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Russia’s demands threaten to torpedo revival of Iran nuclear deal, officials say

Russia says it wants guarantees that new Western sanctions on Moscow over its invasion of Ukraine won’t prevent Russian trade and military cooperation with Iran.
Russian Foreign Minister Sergei Lavrov
Russian Foreign Minister Sergei Lavrov gives a press conference in Antalya, Turkey on March 10, 2022.Ozan Kose / AFP via Getty Images

Russia’s eleventh-hour demands are threatening to torpedo negotiations aimed at reviving the 2015 Iran nuclear deal, just as world powers appeared close to reaching an agreement with Tehran, Western officials and former U.S. officials said Friday. 

Negotiations in Vienna broke up Friday without any agreed time when the parties would meet again after Russia said it wanted written guarantees that new Western sanctions imposed on Moscow over its invasion of Ukraine would not interfere with its trade and military cooperation with Iran.

The Russian move put at risk a months-long effort by the United States and European powers to curtail Iran’s nuclear work and prevent Tehran from building nuclear weapons. Before Russia’s invasion of Ukraine and the subsequent Western reaction, Moscow had played a largely constructive role in the nuclear talks, according to Western diplomats.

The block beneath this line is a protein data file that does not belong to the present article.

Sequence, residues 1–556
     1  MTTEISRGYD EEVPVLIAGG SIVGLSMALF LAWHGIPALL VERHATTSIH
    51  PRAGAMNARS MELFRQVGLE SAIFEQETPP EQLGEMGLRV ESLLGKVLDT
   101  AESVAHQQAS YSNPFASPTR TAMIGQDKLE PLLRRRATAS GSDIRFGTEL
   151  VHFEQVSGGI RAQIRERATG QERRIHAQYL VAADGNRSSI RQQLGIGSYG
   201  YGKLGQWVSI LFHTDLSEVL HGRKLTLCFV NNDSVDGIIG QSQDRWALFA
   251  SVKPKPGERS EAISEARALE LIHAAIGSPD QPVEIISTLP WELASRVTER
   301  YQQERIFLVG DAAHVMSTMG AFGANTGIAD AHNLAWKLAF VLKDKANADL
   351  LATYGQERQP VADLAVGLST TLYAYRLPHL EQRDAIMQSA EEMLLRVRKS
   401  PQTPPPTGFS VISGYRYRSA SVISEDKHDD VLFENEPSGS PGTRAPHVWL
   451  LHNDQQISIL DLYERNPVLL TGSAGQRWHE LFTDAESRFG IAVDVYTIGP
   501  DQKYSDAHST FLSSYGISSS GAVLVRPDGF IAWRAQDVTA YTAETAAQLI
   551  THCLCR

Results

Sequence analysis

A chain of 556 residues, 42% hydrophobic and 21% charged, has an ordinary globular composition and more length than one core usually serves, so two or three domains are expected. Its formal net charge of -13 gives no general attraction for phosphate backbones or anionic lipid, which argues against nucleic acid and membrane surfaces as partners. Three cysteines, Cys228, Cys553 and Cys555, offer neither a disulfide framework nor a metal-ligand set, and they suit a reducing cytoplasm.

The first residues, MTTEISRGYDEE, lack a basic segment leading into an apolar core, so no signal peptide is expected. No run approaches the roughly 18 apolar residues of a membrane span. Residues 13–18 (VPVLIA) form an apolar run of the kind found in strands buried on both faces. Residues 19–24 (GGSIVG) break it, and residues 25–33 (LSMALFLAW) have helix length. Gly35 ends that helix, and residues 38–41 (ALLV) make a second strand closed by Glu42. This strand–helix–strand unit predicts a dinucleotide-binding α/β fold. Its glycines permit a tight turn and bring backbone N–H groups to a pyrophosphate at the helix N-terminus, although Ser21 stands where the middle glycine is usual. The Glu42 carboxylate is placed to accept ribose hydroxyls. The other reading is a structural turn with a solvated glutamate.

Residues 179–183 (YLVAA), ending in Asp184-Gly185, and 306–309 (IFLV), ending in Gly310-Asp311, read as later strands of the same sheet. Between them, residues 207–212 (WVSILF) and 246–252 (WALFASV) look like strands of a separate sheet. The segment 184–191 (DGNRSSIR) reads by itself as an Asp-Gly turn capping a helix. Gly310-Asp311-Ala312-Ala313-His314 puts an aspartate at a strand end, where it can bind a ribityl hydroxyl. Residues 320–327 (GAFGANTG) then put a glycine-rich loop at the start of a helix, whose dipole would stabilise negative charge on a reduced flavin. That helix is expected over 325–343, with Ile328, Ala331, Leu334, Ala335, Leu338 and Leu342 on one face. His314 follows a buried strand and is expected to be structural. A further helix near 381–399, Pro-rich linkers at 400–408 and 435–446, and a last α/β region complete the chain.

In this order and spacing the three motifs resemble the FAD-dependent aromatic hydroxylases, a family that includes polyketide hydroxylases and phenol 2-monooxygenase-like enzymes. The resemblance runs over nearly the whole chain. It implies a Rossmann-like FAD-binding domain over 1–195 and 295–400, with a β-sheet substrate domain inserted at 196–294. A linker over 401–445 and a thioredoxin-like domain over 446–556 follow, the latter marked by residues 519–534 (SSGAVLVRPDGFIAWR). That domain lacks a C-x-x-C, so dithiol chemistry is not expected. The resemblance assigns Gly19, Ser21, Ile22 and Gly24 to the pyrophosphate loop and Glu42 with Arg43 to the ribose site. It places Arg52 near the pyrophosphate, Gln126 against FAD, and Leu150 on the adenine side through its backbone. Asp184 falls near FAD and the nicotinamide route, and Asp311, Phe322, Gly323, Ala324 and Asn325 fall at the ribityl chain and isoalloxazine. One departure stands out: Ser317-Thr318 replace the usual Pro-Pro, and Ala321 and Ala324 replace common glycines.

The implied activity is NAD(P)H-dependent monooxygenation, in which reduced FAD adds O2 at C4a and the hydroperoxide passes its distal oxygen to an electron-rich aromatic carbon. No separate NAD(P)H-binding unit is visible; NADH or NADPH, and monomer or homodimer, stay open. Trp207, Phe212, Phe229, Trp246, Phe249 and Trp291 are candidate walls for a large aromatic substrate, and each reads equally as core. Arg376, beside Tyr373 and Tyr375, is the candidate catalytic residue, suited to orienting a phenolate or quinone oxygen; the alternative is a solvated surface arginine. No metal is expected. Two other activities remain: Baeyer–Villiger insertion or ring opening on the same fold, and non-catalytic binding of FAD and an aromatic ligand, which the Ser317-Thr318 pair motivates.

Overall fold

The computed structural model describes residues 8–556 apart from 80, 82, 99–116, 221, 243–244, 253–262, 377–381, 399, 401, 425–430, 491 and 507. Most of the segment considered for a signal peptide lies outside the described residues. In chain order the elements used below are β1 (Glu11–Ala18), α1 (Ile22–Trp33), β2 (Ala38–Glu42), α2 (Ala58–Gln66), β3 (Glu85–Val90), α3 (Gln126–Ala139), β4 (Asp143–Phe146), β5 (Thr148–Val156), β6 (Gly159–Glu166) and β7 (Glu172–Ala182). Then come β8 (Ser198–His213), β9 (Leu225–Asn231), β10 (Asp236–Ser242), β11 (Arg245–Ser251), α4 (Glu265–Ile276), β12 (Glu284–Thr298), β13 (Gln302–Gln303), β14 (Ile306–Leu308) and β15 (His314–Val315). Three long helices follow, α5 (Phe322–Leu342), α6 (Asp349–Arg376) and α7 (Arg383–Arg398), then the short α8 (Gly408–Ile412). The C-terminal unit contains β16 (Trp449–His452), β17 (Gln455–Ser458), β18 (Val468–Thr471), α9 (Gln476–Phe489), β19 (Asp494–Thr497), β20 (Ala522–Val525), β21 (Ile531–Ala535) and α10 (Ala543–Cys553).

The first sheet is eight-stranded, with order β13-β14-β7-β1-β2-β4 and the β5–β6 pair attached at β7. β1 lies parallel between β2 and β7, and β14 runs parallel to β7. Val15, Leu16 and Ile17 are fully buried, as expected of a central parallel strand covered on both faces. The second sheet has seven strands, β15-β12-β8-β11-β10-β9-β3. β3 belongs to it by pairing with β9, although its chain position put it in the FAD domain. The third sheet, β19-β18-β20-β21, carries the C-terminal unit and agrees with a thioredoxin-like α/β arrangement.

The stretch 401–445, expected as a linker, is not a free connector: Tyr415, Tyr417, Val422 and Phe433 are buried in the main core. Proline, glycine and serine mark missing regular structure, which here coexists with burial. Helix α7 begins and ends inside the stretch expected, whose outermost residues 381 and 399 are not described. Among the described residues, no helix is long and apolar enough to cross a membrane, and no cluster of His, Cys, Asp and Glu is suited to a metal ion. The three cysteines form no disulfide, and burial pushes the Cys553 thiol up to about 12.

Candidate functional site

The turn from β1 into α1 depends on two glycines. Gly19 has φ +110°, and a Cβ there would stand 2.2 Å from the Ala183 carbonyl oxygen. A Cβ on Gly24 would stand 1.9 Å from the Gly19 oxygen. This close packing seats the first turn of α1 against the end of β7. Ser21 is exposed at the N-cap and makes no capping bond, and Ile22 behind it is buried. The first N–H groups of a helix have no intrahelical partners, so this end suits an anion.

A final text of an agreement to renew the nuclear accord between Iran and world powers was “essentially ready and on the table,” but the parties called for a pause in the talks in Vienna due to “external factors,” European Union foreign policy chief Josep Borrell told reporters.

Western officials said Russia’s new demands, which Foreign Minister Sergey Lavrov laid out publicly last weekend, had caused the break in the talks and it was unclear if the deal could be salvaged.

“The Russian demands have thrown a wrench into this process at the last minute,” said Eric Brewer, a former senior national security official who worked on arms control policy under previous U.S. administrations. “It’s now really unclear whether talks will succeed,” said Brewer, now a senior director at the Nuclear Threat Initiative.

British diplomat Stephanie Al-Qaq, director of Middle East and North Africa for the U.K.’s Foreign Office, said in a tweet she was “deeply disappointed” the talks had paused and said Iran and the United States had “worked hard to resolve final issues.”

She added, “External factors must be resolved in next few days or agreement likely to unravel.”

The United States and European governments so far have rejected Russia’s demand regarding sanctions, arguing it falls outside the parameters of the 2015 nuclear deal, known as the Joint Comprehensive Plan of Action (JCPOA). 

“The new Russia related sanctions are wholly and entirely unrelated to the JCPOA. They shouldn’t have any impact on a potential implementation of the JCPOA,” State Department spokesperson Ned Price told a news briefing on Friday. “We’ve also similarly been clear that we have no intention of offering Russia anything new or specific as it relates to these sanctions.”